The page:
In this endeavour, the efficiency of the electrolyser becomes paramount in ensuring that minimal energy is lost in the overall process. 

An electrolyser is a device capable of splitting water molecules into their constituent oxygen and hydrogen atoms. It consists of a conductive electrode stack separated by a membrane to which a high voltage and current is applied. This causes an electric current in the water which causes it to break down into hydrogen and oxygen. 

At present, there are different types of electrolysers depending on their size and function. The most commonly used are:

Alkaline electrolysers

They use a liquid electrolyte solution, such as potassium hydroxide or sodium hydroxide, and water. Hydrogen is produced in a cell consisting of an anode, a cathode and a membrane. The cells are usually assembled in series to produce more hydrogen and oxygen at the same time. When current is applied to the electrolysis cell stack, hydroxide ions move through the electrolyte from the cathode to the anode of each cell, generating bubbles of hydrogen gas on the cathode side of the electrolyser and oxygen gas at the anode.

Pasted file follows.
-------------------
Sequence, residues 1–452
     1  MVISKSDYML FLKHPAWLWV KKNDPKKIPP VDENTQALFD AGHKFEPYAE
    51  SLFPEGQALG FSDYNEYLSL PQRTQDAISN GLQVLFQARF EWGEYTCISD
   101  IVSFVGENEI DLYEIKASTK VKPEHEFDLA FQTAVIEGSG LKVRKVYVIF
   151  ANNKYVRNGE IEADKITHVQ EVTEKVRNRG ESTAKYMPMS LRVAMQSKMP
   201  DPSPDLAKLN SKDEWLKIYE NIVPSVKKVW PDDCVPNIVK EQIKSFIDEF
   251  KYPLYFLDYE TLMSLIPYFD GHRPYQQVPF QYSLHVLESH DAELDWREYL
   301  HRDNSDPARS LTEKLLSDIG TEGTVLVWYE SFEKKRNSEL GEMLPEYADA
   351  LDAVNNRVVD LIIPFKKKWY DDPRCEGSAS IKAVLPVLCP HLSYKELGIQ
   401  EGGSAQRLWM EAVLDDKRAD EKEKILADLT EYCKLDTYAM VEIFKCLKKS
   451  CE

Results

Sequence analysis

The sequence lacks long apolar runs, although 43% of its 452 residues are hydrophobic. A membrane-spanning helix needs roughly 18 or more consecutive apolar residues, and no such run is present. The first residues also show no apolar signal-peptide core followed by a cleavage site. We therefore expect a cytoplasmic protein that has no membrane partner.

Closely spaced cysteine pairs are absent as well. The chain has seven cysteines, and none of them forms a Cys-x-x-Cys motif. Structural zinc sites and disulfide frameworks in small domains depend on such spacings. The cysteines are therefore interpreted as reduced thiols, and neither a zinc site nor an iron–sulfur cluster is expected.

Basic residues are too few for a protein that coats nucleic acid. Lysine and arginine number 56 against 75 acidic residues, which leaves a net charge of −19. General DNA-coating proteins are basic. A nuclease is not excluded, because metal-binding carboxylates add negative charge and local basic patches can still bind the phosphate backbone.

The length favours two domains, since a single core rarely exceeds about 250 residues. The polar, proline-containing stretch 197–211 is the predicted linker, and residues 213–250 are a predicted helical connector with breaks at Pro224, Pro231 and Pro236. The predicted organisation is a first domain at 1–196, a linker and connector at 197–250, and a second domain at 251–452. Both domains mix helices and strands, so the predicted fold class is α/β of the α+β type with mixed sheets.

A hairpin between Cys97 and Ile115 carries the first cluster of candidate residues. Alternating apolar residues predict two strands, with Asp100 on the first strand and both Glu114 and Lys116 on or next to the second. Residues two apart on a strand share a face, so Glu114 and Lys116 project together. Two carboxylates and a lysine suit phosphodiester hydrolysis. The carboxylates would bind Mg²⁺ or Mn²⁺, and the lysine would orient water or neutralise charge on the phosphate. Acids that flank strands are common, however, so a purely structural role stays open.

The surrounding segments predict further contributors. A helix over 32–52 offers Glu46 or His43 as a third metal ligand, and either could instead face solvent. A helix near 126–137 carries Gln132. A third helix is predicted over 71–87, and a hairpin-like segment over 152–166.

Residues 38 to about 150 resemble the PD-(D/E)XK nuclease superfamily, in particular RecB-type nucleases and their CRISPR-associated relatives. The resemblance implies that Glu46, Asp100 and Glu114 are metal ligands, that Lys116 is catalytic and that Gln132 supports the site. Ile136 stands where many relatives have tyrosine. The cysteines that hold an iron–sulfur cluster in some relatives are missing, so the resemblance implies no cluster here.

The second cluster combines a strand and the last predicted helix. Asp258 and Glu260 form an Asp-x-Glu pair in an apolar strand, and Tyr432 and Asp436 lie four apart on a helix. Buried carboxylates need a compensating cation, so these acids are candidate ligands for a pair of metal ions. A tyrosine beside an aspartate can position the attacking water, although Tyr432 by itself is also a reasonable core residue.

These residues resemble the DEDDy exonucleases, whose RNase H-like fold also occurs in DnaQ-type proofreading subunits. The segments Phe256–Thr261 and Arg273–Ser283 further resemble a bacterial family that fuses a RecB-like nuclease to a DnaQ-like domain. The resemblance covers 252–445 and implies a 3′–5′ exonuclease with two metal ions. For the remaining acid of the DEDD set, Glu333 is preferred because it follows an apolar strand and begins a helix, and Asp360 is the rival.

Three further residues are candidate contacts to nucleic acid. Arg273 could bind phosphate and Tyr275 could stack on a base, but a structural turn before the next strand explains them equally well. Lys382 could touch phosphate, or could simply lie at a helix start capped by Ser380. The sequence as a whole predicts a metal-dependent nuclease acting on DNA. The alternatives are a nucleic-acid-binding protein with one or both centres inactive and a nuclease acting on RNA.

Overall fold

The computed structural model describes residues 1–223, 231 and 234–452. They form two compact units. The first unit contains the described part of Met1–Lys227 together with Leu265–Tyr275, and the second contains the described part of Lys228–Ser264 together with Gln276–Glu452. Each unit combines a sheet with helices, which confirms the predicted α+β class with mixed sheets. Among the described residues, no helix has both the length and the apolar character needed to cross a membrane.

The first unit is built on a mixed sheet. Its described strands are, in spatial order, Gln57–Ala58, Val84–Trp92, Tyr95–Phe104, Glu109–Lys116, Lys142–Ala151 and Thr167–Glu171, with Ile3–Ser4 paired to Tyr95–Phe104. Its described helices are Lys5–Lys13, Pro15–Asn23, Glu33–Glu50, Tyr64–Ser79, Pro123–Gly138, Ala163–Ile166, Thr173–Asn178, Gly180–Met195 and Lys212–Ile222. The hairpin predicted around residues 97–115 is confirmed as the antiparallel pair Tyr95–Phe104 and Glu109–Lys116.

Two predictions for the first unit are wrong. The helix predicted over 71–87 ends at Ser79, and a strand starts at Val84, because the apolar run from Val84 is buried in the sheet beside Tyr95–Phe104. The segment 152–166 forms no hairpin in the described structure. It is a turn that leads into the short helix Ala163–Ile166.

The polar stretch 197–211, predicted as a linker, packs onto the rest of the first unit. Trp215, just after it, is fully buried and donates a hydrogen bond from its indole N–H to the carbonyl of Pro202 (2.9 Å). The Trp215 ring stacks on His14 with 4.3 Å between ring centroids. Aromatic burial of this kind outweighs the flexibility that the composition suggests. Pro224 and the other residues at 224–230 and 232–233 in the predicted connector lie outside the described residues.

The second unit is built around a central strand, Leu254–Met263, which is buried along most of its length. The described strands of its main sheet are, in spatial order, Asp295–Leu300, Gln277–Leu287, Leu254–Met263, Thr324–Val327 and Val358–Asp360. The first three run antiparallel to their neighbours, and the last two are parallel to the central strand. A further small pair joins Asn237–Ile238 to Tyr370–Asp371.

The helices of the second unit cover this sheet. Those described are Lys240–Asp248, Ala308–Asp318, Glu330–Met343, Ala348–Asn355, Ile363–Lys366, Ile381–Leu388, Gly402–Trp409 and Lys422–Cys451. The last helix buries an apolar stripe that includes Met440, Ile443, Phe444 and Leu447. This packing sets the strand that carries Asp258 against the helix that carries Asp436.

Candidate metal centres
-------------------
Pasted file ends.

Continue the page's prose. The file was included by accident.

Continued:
Proton exchange membrane (PEM) electrolyser

PEM electrolysers use a proton exchange membrane and a solid polymer electrolyte. When current is applied to the battery, water splits into hydrogen and oxygen and the hydrogen protons pass through the membrane to form hydrogen gas on the cathode side. They are the most popular because they produce high-purity hydrogen and are easy to cool. They are best suited to match the variability of renewable energies, are compact and produce high-purity hydrogen. On the other hand, they are somewhat more expensive because they use precious metals as catalysts.

Expanded PTFE (ePTFE) in electrolysers